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How to choose a regulator for a financial company

London was home to many European fintech companies - currently almost 50% of all payment institutions of the European Economic Area (EEA) are clustered in the UK. However, Brexit means that they will face the risk of losing authorization to provide financial services within the European Union (EU), e.g., lose the opportunity to serve clients from the all over the EU.

Therefore, new companies are not rushing to get a British license, and there are many companies under the jurisdiction of Financial Conduct Authority (FCA) that are looking for new regulators in the EU countries. Sometimes choosing a jurisdiction is more difficult than finding a life partner. For this reason, considering different regulator proposals, Bilderlings have defined several measures, when looking for a new jurisdiction. Now more than ever, we need to keep tabs on those criteria.

Registration turnaround time

The majority of countries offer similar conditions in terms of the timing - about 1-2 months for document preparation and 2.5-5 months for review of the documents. Lithuania, which has been actively welcoming British fintech companies over the past few years, offers a faster clearance process: 1 month for preparation and around 3 months for document review and registration. However, one should take into consideration the number of applications under review – a promises is a promise, but the regulator may not be able to physically meet the timeframe of three months if they have 60 applications “in line”. This aspect may change; therefore, it is necessary to discuss this matter with industry colleagues or agents who are aware of the situation at a particular point of time. 

Registration fee and Annual supervisory fee

Numbers may change, in whatever way they want. Malta requires 3 500 EUR for registration, the Netherlands – 6 800 EUR, while Lithuania asks only 1 463 EUR. As for the annual payments, there is also the same question. Every country demands whatever it wants. If there is no such an information on the website of the regulator, by all means find out. The average amount you can expect to pay is 2 500 EUR. However, many regulators calculate % from the turnover, but for some it will cost “no more than”, and for others - “no less than”. If you want to make your life easier, you can hire an intermediary who will help you get through that circle of hell. The turnkey approach for setting up a company (registration, document preparation, forming a company, etc.) costs starting from 50 000 EUR. 

Infrastructure and a local branch in the regulator country

All regulators require a local office in their country. However, requirements may differ - the essence of these requirements is in how strong connection your business should have with the regulator country. Is it enough just to set up a mailbox, or do you need local employees, etc.? Many regulators require the company to have employees residing in the regulator country and holding senior positions. Here it is worth adding the entire infrastructure related to renting an office, an average wage level and labor laws.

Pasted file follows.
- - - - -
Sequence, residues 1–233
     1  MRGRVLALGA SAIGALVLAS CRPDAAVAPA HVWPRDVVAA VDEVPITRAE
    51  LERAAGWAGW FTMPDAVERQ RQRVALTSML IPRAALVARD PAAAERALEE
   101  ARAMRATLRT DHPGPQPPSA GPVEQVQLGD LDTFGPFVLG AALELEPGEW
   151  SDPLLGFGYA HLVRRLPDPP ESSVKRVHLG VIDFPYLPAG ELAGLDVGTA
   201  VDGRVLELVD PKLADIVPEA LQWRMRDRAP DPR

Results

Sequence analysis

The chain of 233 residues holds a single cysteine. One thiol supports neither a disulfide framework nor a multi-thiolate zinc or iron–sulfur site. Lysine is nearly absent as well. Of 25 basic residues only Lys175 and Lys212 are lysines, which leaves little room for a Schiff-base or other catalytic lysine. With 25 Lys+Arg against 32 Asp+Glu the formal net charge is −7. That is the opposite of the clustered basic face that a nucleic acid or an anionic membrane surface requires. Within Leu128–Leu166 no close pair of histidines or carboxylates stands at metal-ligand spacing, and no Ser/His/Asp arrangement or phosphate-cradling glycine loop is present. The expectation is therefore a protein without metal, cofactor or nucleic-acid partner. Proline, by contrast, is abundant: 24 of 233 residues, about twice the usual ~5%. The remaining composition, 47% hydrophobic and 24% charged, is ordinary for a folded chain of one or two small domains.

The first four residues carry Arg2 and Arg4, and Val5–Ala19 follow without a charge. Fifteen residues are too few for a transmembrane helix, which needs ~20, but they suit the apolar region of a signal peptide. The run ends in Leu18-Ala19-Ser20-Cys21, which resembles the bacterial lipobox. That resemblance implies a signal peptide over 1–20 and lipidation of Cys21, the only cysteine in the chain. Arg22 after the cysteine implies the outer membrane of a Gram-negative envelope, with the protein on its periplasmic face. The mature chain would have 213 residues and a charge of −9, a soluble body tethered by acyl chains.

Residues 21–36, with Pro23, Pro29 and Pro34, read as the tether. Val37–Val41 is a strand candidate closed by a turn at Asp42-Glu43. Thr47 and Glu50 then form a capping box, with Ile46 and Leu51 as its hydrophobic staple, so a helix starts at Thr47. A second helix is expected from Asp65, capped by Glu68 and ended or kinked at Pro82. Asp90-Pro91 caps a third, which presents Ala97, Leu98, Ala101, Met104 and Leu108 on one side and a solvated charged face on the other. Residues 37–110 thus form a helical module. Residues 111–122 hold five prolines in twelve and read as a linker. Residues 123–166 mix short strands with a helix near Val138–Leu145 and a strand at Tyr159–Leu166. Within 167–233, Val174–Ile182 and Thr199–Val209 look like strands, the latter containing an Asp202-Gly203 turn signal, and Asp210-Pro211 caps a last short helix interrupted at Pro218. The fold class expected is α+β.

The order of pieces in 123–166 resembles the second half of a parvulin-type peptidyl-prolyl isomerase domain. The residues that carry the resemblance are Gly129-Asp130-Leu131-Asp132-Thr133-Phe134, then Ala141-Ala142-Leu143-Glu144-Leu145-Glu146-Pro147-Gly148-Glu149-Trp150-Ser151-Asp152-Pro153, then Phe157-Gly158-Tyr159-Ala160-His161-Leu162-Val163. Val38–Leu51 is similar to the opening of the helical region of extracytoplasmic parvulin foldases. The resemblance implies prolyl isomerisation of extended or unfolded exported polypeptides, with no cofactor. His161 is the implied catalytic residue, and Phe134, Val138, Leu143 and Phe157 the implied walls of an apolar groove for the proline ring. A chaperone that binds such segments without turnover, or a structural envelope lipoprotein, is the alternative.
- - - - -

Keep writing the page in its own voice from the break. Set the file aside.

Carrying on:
Possibility to open an account with the local bank

Obtaining a license does not always guarantee that you will be able to open an account with the local banks of this country. This is why it is necessary to find out in advance how loyal the jurisdiction’s banks are to payment institutions. Industry’s colleagues and lawyers from the country are best-placed to tell you about the jurisdiction and its particularities, as well as help with license registration. In fact, it is one of the most important aspects to consider, when choosing a regulator.


Reputation is the most exquisite and valuable asset. The reputation of the regulator and the country itself is everything and nothing at the same time. In an ideal world, the reputation of a regulator depends on the quality of its homework. How can we evaluate the "quality"? In an ideal world - by the presence / absence of money laundering scandals. However, if you open a Google search and type “the name of any EU country” and “AML scandals”, you will find that dirty money and messy procedures are spread around all countries in about the same way. Meanwhile, on the one hand, these scandals have had almost no effect on some regulators, and, on the other hand, some of them have led to a banking crisis. On the grounds of this fact, it is not necessary to consider the reputation of the regulator separately from the political weight and reputation of the country itself. 

But for ourselves, we have identified a few indirect criteria, which, it seems to us, can be used to evaluate the reliability of the regulator; here they are.

  • Does the regulator allow agents to work with remote identification?
  • Does the regulator allow financial institutions to use offshore maintenance services?
  • How clearly has the regulator defined the concept of an offshore company? Are companies divided into offshore companies and shell companies?
  • How strong the connection with the country is necessary to open an account in the local bank (that said, how easy it is to open bank accounts for individuals and legal entities from other countries)?

If the answers to all questions are “yes”, “easy”, “no problem”, it is not a very good sign. A good indicator for the country is that the financial sector can live without requiring an infusion of money from outside, and therefore the regulator does not bear the risks of non-residents. A mature financial regulator is one that have clearly defined and described the procedures and position in regard to working with offshore companies. Otherwise, this will result in discovering “the position towards offshore companies” at the later stage, when you are already actively working with them, and then it may not be in your favor.


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